This post, by David Nicodemus, comes from the blog of Grace Polaris, a Grace Brethren church on the north side of Columbus, Ohio (Mike Yoder, lead pastor). David is the communications and creative arts pastor at the church.
Our world has changed so much since the morning of Tuesday, September 11, 2001. The changes in our lives are dramatic but have become such a part of who we are that it’s easy to forget what life was like on September 10.
For some of you, everything changed on that day. Your world was turned upside down as you lost a father, mother, husband, wife, daughter, or son. With you, we grieve. With you, we effort to lift you up in prayer. With you, we remember, because by remembering we give honor to you and to your family.
For many of us, our world has been turned upside down in far less heart-wrenching and painful ways, but we’re forever marked because we watched the news unfold and experienced the fears of that day.
For countless others, this is the only world they know. There is no memory of planes flying into buildings. There is no memory of the eerily empty sky in the following days. There is no memory of carefree travel and endless optimism.
I remember sitting at breakfast in my college cafeteria with some coworkers on the morning of September 11, 2001, when students began to huddle around the television. We broke our meeting momentarily to see what was happening but only lingered briefly, returning to our table shaking our heads at the unfortunate pilot that accidentally flew into the World Trade Center.
An accident? How naïve. How innocent. How optimistic.
In the years since this terrorist attack on American soil, pessimism has invaded, innocence has been replaced by skepticism and fear, and naïveté is a distant memory. There’s now a war that rages on, battle lines that are being drawn, and a distrust that wins on most days. Innocent lives seem to be taken on a daily basis—not by terrorists in a distant land, but from right within our own backyards. An accident is often our last thought while a calculated, cold-blooded scheme is our first notion. We are too often correct.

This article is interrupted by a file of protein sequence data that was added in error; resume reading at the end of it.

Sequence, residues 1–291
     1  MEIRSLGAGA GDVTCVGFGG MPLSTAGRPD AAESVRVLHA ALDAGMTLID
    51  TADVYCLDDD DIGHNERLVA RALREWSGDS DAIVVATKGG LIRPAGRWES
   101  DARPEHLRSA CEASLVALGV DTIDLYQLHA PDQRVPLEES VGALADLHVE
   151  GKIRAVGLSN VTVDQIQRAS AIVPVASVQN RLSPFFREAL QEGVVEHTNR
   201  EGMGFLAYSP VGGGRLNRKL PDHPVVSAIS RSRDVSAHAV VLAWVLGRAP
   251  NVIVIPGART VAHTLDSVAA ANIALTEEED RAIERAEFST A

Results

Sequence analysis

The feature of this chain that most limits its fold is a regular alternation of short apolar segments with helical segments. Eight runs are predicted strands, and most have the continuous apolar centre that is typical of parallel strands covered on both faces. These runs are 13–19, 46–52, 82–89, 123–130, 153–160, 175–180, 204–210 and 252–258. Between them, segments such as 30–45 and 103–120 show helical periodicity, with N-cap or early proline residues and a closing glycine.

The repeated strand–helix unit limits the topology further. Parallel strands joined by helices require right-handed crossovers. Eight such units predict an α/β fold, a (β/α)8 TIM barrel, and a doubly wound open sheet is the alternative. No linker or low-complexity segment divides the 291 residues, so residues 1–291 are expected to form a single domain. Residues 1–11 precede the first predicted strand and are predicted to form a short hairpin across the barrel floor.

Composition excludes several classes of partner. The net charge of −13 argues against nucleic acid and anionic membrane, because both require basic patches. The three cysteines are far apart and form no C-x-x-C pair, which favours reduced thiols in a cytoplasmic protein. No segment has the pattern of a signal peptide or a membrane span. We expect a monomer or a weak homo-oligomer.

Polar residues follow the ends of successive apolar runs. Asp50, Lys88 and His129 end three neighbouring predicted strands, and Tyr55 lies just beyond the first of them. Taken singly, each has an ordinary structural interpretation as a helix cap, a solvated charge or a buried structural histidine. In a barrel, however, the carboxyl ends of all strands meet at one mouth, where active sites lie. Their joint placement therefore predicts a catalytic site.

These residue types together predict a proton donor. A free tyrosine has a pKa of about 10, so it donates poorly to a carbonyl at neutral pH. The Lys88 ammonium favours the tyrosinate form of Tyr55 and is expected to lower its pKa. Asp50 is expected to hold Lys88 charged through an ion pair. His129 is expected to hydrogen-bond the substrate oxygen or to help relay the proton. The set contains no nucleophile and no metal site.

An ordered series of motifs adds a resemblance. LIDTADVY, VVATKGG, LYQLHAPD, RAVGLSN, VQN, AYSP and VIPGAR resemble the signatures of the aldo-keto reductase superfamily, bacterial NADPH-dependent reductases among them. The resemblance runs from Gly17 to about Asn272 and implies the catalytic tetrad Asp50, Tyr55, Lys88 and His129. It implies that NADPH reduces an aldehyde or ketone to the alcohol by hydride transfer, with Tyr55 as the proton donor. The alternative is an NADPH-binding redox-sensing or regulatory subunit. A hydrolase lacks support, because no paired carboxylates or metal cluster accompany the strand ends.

Over the last 14 years, optimistic hope has faded. We’ve been conditioned to feel hopeless, to feel helpless, and to hide. But there is a hope that is still eternal, and while hope on this earth is ever fading, our hope for eternity continues to grow. The depths from which we need rescued seems deeper and deeper each day, and our need for a Savior shines in that darkness like never before. We long for a home that is not of the world.
Home often feels so distant. Home has rarely felt so enticing.
But we are here.
For those of you who know real hope and long for your eternal home, begin pouring your life into those things that outlast it, because this temporary home changes so rapidly and is quickly forgotten. The impact of earthly events fade as generations come and go, but investing in the lives of people will last for eternity.
For those who hope in this world or for those who look for hope “within,” there is a hope that is real. There is a hope that will never fade. Hope has a name—Jesus—and He wins the war. Only through a relationship with Jesus, the Son of God, can you face tomorrow. Because of Jesus you can have an eternal hope that is certain as you face an earthly future that is so uncertain.